A late medieval "pilgrim bag" for myself.
What it is:
For my pilgrim bag, I wanted to go with a more distinctive and essentially 15th century look, rather than the simpler style of my husband's bag. My bag is also smaller, but it's ideally sized to hold the items I normally carried around in a basket. It is entirely hand sewn with a hand-spun linen thread, and is made of a butter cream-colored, 12.5 oz hemp canvas, and lined with an off white linen with a stripe pattern in the weave.
How I made it:
In general terms of construction, the lining on my bag included an extra and slightly changed technique than the first bag, but I used the same types of stitches. My bag consists of 3 pieces and the strap, with linings on the interior of the bag and the back of the flap.
Since I wanted to use the Elizabethan seam again, I was able to add the lining and deal with the seam allowances at the same time. I wanted the bottom of the bag to have some double curve shaping, so I layered the front and back pieces (both the canvas and linen), folded them in half, and cut out a curve from the fold.
Then I quickly straight-stitched each of the panels, to attach the lining and canvas together, leaving a gap to turn in inside out. I clipped the corners and curves to get the best results when I turned it right-side out. I then stitched another run of straight-stitch around to secure the two layers. In this way, I already took care of the seam allowances, and could proceed with whip stitching the panels together.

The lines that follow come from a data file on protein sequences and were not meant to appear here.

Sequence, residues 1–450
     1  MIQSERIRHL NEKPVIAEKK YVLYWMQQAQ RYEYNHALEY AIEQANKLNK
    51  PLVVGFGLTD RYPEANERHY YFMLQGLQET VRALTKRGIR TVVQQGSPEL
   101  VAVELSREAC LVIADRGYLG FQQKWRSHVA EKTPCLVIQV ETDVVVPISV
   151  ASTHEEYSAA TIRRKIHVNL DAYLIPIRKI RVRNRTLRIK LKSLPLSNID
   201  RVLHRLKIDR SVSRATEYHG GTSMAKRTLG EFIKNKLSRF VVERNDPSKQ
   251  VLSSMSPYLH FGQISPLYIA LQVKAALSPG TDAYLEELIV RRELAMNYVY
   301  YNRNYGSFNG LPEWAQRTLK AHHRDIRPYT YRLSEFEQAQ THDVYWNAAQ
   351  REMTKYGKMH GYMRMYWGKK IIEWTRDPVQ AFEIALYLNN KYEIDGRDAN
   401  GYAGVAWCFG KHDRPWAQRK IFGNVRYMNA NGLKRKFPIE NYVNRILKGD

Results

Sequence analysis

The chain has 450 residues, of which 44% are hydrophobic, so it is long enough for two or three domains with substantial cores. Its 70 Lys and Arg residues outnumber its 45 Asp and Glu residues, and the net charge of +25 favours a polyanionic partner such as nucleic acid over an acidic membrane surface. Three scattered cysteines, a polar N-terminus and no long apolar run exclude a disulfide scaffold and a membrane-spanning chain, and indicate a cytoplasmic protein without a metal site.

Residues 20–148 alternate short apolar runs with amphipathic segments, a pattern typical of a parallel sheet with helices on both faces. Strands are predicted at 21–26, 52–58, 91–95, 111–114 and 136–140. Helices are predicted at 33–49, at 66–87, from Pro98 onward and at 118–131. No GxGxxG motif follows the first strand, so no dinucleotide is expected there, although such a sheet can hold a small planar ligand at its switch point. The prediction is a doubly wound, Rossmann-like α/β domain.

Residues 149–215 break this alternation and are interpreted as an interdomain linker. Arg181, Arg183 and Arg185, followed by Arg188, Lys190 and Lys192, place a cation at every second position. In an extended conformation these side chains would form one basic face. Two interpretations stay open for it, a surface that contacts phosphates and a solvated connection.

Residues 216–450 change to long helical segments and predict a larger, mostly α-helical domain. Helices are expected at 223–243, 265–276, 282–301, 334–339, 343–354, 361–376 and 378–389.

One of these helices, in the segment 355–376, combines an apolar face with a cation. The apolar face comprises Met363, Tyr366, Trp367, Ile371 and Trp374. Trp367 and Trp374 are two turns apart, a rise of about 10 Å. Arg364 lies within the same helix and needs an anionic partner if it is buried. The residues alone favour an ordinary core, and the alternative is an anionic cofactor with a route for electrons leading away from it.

The flap, which I also shaped, was completed the same way, except that I used an overcast stitch on the edge to finish it, rather than a running stitch.
After I put it together, I decided that the strap was just a little too long. I unstitched one end of the strap and shortened it also about 2". This corrected it perfectly.
What I think of it:
Once again, I'm jazzed to have another really nice, hand-made piece under my belt. I like the bag, and that I was able to introduce some stylization without too much thought. I think the butt curves are sexy. :) I questioned as I worked on it whether I wanted to just but my Evergreen award on it (and where to put it), but I like the statement it makes. I left the other curve free for a pewter badge I've got my eyes on. I'm reserving judgement on how well it works out for me until I get to actually take it to an event, but it fits my embroidery frame perfectly- just as intended.
You can see all the photos from this project in the Flickr set, or on Facebook!